Excerpts from Your4State.com:

Fire Chief W. Kyd Dieterich with the Hagerstown Fire Department  doesn’t have a sense of smell, has difficulty talking and has trouble getting ready in the morning.

“I had squamous cell carcinoma in my larynx, so laryngeal cancer,” Dieterich said.

Kyd has worked in the City of Hagerstown for 35 years and was diagnosed with the cancer in 2012. He says over the past ten years it has been discovered that firefighters have been exposed to a high level of carcinogens on a continual basis.

“The mentality used to be that dirty, filthy turnout gear was a badge of honor, that you got in there and you got the job done. When in fact, we’re killing ourselves because cancer rates among firefighters are much higher than the rest of the population,” he said.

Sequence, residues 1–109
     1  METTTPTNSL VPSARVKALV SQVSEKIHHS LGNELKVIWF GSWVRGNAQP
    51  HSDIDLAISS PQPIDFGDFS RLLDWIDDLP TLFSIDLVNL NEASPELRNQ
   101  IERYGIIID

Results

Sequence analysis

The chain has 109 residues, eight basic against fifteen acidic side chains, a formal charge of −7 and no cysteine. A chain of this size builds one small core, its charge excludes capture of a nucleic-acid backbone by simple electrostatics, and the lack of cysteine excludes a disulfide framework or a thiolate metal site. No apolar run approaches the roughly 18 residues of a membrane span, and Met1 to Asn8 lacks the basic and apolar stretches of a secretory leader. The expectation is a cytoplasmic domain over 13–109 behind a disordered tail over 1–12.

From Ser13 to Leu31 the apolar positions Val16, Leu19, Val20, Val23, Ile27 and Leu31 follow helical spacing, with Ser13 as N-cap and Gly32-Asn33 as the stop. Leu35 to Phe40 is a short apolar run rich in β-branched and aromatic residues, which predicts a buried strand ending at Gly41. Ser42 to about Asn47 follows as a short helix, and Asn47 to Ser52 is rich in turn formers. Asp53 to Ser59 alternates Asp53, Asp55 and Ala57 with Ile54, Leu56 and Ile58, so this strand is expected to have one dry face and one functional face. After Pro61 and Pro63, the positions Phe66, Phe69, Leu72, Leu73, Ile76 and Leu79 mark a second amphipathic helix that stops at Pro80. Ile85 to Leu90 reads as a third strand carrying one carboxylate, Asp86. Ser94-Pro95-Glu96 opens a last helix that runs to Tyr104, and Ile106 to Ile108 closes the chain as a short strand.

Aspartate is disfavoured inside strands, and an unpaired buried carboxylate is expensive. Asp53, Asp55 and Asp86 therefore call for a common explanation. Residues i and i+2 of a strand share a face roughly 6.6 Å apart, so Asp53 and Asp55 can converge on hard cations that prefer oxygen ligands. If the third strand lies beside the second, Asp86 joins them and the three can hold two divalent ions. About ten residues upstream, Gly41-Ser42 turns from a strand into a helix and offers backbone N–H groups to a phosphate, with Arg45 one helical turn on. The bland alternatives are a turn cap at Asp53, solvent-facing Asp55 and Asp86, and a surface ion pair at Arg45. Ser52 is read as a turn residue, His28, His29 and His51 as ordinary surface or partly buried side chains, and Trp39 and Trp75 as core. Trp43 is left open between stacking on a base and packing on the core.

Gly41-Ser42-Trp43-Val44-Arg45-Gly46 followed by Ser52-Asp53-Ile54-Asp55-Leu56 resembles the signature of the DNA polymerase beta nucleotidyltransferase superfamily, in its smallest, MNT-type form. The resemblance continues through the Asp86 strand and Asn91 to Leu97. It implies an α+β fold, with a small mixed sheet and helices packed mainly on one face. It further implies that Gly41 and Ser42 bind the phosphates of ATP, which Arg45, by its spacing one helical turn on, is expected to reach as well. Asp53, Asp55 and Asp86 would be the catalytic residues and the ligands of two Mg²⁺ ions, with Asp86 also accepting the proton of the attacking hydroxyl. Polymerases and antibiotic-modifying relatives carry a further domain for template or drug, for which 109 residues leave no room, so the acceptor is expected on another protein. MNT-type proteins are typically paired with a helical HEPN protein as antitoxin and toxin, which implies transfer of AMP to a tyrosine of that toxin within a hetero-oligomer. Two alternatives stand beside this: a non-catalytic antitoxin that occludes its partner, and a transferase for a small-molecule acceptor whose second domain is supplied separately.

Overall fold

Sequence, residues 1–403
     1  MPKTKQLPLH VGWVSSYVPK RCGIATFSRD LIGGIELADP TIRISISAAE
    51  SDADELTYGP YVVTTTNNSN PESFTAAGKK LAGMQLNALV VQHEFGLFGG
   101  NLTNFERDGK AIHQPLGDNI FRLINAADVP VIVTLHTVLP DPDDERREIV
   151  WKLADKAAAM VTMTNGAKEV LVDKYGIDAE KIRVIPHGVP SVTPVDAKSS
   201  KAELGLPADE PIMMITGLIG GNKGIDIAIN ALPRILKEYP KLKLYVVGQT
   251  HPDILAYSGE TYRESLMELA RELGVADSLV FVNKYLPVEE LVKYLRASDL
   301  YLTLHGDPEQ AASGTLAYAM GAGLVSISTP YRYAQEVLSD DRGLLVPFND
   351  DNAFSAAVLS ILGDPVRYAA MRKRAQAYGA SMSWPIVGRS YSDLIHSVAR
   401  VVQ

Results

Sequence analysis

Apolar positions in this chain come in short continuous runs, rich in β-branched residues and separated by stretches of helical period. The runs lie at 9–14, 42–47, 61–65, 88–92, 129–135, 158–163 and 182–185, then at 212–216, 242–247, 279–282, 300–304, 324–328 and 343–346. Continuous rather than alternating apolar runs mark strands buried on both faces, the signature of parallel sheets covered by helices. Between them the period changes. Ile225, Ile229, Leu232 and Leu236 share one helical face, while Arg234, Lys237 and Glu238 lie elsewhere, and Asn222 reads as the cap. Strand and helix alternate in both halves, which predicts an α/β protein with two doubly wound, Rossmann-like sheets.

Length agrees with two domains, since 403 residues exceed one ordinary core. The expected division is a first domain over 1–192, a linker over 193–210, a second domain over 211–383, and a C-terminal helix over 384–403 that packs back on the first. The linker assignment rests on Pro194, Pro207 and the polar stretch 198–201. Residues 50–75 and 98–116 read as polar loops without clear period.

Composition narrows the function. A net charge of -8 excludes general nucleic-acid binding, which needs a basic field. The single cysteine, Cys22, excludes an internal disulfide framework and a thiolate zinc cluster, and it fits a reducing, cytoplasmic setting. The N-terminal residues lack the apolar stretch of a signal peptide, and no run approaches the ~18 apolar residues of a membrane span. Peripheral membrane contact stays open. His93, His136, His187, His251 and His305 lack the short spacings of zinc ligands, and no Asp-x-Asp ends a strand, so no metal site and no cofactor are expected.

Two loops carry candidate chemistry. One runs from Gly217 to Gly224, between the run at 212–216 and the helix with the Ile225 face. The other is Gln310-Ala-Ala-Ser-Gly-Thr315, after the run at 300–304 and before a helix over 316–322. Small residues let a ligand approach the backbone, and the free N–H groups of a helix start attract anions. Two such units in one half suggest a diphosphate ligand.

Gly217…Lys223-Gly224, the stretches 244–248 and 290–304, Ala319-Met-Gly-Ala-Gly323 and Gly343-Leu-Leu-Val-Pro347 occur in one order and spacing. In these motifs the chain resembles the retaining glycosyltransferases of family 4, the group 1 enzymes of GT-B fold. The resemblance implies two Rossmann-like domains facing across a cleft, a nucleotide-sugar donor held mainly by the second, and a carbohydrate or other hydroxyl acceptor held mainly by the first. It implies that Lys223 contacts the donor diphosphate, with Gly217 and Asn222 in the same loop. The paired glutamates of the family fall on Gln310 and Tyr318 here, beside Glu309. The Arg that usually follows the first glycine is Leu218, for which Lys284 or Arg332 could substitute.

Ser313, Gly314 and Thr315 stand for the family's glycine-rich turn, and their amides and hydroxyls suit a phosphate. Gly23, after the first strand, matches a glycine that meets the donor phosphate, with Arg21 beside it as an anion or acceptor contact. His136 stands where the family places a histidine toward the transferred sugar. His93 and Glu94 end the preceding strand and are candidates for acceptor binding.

Kyd says the European fire service is way ahead of Americans when it comes to cancer prevention. He added they have decontamination stations on the fire trucks, and places like Hagerstown don’t.

“We need to change the culture of the way we think, the way we look at it from day one. The first day on the job, as far as I’m concerned, the very first lesson should be cancer prevention. That’s the only way we’re going to stop it,” Dieterich said.

Kyd joined a firefighter cancer support network in California to be a mentor to others diagnosed with similar types of cancer to what he has. He has simple advice to give to other firefighters.

“Wash your gear, wash your gear, wash your gear. When you’ve been exposed to smoke, carcinogens, things like that, get a shower, get it off your skin as fast as you can. Change your clothes as soon as you can. Mitigate the exposure as much as possible,” Dieterich said.

Chief Dieterich will be retiring at the end of the month.